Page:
The National Youth Theatre have put Mark Zuckerberg on trial. The cast of this ensemble piece are furious at what Zuk’s got away with and this Fringe they’re holding him to account.
They're putting Facebook on trial, but it's hard to judge NYTs latest Fringe offering
In this 75-minute energetic exploration of youth culture, media coverage, court etiquette and who’s to blame for the status quo, a large company impress the audience despite Tatty Hennessy’s script.
We’re in a courtroom and the audience is the jury. It’s a self-aware show which demands more from its audience than just to sit still and listen. Tongue in cheek jokes fill the script; "all of this is pretty irregular, I’m 15 years old" says the judge, played by Amelia Braithwaite, who lit up the stage. Indeed, the thirteen strong company deliver each line with zest and flare; they are all a wonder to watch.
Will Stewart plays the charismatic Californian whistleblower or our master of ceremonies and Ted Talk operator. His seemingly improvised audience interaction was fantastic but it is hard to know what it lent the narrative. Facebook's ridiculously long terms and conditions were read out hilariously and fed through the audience, but other gimmicky moments of interaction fell flat through poor direction.
The framing trial narrative breaks for the subplot in which a candidate to be the next Labour MP is lured into a Cambridge Analytica type operation which sees her duping voters, manipulating data and winning her election. Hard-hitting narrative developments shine a light on institutionalised racism in British politics. Tiajna Izekor as the MP and Kathrine Payne as her aid played an impressively convincing pair, raising interesting questions about how politicians and the public engage with one another and social media.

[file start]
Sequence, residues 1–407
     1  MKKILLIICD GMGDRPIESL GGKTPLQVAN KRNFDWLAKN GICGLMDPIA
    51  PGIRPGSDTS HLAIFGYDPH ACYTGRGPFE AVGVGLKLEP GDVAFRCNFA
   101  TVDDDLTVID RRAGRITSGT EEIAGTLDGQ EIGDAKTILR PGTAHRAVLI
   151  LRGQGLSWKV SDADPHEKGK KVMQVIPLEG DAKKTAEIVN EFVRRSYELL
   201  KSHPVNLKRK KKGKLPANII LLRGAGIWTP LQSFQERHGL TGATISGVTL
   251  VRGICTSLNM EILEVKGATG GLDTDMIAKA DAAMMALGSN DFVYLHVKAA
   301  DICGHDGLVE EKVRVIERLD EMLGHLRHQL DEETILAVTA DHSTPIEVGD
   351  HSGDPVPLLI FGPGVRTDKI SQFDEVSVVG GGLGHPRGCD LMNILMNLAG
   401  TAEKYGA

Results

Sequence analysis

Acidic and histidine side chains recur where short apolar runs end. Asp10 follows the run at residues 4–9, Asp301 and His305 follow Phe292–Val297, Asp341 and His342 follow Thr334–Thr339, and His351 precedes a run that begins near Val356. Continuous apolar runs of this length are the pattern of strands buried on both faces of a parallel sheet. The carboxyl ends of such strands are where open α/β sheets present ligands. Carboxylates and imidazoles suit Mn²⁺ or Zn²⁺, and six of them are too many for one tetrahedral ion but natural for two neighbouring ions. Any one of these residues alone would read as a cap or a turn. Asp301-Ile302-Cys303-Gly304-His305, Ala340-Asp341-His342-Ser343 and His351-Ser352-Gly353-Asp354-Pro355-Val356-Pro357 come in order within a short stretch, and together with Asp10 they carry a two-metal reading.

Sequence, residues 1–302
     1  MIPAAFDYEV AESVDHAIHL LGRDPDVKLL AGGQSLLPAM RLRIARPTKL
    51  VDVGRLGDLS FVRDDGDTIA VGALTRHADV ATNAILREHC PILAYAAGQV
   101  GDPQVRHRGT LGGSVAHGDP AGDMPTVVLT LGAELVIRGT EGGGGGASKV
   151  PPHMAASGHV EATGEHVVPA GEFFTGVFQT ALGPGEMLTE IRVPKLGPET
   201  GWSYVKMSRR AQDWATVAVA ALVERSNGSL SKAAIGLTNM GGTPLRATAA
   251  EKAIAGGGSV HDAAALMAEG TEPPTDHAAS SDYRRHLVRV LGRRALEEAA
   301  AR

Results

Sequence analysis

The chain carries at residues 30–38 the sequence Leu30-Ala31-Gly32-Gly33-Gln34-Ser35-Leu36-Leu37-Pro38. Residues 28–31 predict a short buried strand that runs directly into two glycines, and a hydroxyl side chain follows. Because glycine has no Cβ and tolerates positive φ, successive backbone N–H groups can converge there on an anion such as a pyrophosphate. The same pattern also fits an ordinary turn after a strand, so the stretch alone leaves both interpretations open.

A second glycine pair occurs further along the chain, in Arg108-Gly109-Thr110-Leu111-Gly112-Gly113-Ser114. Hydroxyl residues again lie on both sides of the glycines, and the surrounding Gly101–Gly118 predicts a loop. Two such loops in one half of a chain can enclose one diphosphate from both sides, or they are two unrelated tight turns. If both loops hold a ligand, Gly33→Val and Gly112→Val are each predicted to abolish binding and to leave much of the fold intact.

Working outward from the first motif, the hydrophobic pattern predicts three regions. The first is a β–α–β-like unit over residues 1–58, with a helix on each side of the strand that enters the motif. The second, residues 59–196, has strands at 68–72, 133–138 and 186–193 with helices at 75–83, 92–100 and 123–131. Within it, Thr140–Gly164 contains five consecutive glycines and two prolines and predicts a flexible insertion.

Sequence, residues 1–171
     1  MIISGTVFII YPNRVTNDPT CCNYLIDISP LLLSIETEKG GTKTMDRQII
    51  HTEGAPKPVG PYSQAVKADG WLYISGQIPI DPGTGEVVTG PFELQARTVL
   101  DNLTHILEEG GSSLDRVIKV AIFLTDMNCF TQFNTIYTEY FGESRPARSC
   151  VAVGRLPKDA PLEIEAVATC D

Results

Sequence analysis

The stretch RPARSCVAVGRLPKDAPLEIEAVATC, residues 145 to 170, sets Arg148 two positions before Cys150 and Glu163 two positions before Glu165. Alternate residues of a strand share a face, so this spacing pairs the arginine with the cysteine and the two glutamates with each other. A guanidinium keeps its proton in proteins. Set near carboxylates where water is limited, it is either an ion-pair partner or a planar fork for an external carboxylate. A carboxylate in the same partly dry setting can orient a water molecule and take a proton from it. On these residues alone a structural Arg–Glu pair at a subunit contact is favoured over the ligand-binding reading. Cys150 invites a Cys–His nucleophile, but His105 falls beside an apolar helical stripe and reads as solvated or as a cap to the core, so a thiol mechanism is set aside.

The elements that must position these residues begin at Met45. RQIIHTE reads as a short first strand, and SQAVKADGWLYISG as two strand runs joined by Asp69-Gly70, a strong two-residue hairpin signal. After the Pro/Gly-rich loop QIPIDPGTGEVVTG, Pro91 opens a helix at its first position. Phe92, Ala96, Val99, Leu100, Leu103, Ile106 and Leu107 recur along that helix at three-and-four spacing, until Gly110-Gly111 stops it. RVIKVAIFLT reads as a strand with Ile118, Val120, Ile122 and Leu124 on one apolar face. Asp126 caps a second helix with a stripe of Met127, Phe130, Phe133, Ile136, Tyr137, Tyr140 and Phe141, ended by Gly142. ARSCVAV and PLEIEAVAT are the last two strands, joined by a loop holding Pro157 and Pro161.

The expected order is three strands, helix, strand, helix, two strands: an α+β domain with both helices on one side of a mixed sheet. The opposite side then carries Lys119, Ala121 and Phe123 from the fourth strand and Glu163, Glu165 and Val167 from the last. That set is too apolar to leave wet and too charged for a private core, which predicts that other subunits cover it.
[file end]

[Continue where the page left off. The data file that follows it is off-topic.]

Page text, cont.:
Brilliant moments, like Shakira Newton and Nathan Whitebrook’s courtroom encounter, are cut short before they are given a chance to develop. Zuk’s lawyer makes the case for getting what we like, but the prosecution’s clerk emphasises that ‘progress and progressiveness aren’t the same thing.’ Here Hennessy’s script starts to say something interesting just as it is interrupted by another movement sequence.
The cast wonder about the stage, glued to their iPhones to the tune of a predictable but effective soundscape. Despite the contrite movement, the cast’s collective energy and earnestness means it works. A woollen web surrounds the action, but this is all part of F Off’s problem, it’s all too literal. The audience are patronised by a script that explains the basic facts of social media, but we were patronised so enthusiastically, making the show a real hoot.
In the end, however, it was not justice for gen-Z on Facebook that I left wanting, but justice for these performers whose skills are underused. Ultimately, an exceptional cast sustain this play in a script that lags.